The Power of a Single Word

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The Power of a Single Word

How often do we find ourselves in a communication debacle from the misuse of a single word?  After a few rounds, clarifying back and forth we usually sort it out. In the business world, this is not a life or death matter and I sometimes use the expression “no one will die from this” or “this isn’t open heart surgery”, to help put a struggle in context.

When I arrived in Dar es Salaam, Tanzania, our hosts told us a very sad story about, Juma, their house boy. He had been tested for HIV. When his results were communicated to him, in medical language, he was told the test result was “negative”. Negative in this context means good, you are not a carrier of the virus. Negative can also be interpreted as bad, which is how this young man took it. He had witnessed many others who had suffered and died from this disease and did not want to follow this path. Instead, he went home, drank poison, and killed himself.

I was greatly saddened by this story and the result from misunderstanding a single word. We all do this. We assume we understand what others are saying when in many cases we don’t.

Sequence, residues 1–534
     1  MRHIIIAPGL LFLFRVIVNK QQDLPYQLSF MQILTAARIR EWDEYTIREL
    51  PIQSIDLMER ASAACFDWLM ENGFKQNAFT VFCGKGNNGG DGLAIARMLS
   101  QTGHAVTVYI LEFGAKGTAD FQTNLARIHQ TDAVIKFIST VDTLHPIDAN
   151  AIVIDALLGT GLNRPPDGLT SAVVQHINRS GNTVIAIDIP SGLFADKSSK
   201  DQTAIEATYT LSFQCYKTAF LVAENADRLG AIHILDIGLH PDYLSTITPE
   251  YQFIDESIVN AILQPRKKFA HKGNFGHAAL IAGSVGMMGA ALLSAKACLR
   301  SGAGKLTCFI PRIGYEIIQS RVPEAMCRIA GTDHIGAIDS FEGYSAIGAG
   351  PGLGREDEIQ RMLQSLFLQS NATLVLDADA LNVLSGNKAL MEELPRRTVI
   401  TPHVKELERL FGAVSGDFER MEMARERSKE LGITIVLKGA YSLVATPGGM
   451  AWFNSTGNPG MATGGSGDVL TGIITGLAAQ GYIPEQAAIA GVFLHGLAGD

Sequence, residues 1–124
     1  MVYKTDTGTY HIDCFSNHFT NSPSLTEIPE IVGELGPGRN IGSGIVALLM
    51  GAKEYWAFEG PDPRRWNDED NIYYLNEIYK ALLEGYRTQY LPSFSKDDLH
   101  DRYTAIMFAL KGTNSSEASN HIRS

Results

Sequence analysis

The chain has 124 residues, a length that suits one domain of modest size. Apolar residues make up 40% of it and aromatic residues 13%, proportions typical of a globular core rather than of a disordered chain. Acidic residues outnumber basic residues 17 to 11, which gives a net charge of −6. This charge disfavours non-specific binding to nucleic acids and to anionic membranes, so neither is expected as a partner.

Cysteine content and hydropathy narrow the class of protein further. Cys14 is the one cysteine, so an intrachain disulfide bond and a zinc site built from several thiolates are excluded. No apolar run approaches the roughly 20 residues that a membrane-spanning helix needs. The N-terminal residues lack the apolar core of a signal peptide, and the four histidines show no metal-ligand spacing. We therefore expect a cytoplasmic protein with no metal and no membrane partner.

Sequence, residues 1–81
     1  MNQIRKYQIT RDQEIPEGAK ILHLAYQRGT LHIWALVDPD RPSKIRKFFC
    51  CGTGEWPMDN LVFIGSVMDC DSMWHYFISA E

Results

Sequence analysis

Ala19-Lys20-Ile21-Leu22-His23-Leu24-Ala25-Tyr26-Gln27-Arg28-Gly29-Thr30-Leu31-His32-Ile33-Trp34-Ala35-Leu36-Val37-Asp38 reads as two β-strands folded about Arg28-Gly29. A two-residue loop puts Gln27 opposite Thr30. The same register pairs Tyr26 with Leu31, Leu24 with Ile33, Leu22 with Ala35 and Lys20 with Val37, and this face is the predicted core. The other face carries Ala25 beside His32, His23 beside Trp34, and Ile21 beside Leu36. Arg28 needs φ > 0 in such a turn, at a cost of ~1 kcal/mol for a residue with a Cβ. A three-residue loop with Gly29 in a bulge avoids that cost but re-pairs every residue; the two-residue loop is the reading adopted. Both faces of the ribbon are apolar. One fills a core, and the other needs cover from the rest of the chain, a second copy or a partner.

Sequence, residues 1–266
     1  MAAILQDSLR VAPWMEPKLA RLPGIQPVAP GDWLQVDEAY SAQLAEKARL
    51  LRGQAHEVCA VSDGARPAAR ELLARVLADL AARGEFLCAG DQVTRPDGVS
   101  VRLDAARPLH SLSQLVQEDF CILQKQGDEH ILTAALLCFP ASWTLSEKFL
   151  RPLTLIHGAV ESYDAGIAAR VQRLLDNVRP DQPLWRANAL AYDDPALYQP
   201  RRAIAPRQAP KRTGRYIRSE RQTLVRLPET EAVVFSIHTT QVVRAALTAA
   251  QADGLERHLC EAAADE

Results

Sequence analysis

So many thoughts entered my mind like knowing your audience when communicating information, testing for understanding, staying close to people – not just physically but emotionally, using one’s intuition to sense where people are if they are “not themselves”.  I also wondered what I would do if that was me; perceiving I had received a death sentence. Would I have the courage to reach out for help, risking shame and stigma, to tell others how I was truly feeling?

Questions are a powerful tool to move from assumptions and inferences to understanding. What powerful question will you pose today that might just avoid a conflict, promote harmony, or even save a life?

By |2014-01-11T23:20:21-07:00October 28th, 2012|Communication, Empathy, Leadership Skills|1 Comment

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  1. Becky T October 29, 2012 at 9:28 am - Reply

    What a sad account! A careful “audience analysis” on the part of the person delivering this information to the young man may have prevented this terrible missunderstanding. Another example of what happens when we make assumptions about our audience. I stress to my students the importance of writing (or speaking) in PLAIN language. Obviously this young man did not have the background or education to understand this medical “language.” It is so important for healthcare providers to explain a diagnosis in a way the patient can understand.

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